Male extinction theory challenged
Men may not become extinct after all, according to a new study.
Previous research has suggested the Y sex chromosome, which only men carry, is decaying genetically so fast that it will be extinct in five million years' time.
A gene within the chromosome is the switch which leads to testes development and the secretion of male hormones.
But a new US study in Nature suggests the genetic decay has all but ended.
Professor Jennifer Graves of Australian National University has previously suggested the Y chromosome may become extinct in as little as five million years' time, based on the rate at which genes are disappearing from the chromosome.
Genetics professor Brian Sykes predicted the demise of the Y chromosome, and of men, in as little as 100,000 years in his 2003 book Adam's Curse: A Future without Men.
The predictions were based on comparisons between the human X and Y sex chromosomes. While these chromosomes were once thought to be identical far back in the early history of mammals, the Y chromosome now has about 78 genes, compared with about 800 in the X chromosome.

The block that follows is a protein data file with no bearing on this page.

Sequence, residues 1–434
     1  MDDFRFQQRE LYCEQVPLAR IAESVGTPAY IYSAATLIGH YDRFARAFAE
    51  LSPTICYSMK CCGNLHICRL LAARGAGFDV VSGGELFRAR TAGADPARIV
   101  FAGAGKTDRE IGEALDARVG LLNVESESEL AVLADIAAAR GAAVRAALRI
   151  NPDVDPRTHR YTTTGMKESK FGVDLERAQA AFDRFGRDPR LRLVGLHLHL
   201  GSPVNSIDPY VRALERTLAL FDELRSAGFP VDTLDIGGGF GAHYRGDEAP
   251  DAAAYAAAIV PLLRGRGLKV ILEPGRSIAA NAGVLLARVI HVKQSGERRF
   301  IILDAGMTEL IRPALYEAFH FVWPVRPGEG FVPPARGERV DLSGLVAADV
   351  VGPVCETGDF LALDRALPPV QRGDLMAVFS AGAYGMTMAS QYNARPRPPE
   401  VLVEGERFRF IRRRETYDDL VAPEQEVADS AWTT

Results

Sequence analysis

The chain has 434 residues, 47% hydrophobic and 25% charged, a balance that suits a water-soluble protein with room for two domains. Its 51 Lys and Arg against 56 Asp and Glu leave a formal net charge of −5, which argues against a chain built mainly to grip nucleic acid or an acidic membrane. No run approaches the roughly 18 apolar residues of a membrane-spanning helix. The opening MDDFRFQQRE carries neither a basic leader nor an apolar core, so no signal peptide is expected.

Jennifer Hughes and colleagues at the Whitehead Institute in Cambridge, Massachusetts, have sought to determine whether rumours of the Y chromosome's demise have been exaggerated.
In a previous Nature paper in 2005, they compared the human Y chromosome with that of the chimpanzee, whose lineage diverged from that of humans about six million years ago.
They have now sequenced the Y chromosome of the rhesus monkey, which is separated from humans by 25 million years of evolution.
The conclusion from these comparative studies is that genetic decay has in recent history been minimal, with the human chromosome having lost no further genes in the last six million years, and only one in the last 25 million years.
"The Y is not going anywhere and gene loss has probably come to a halt," Ms Hughes told BBC News. "We can't rule out the possibility it could happen another time, but the genes which are left on the Y are here to stay.
"They apparently serve some critical function which we don't know much about yet, but the genes are being preserved pretty well by natural selection."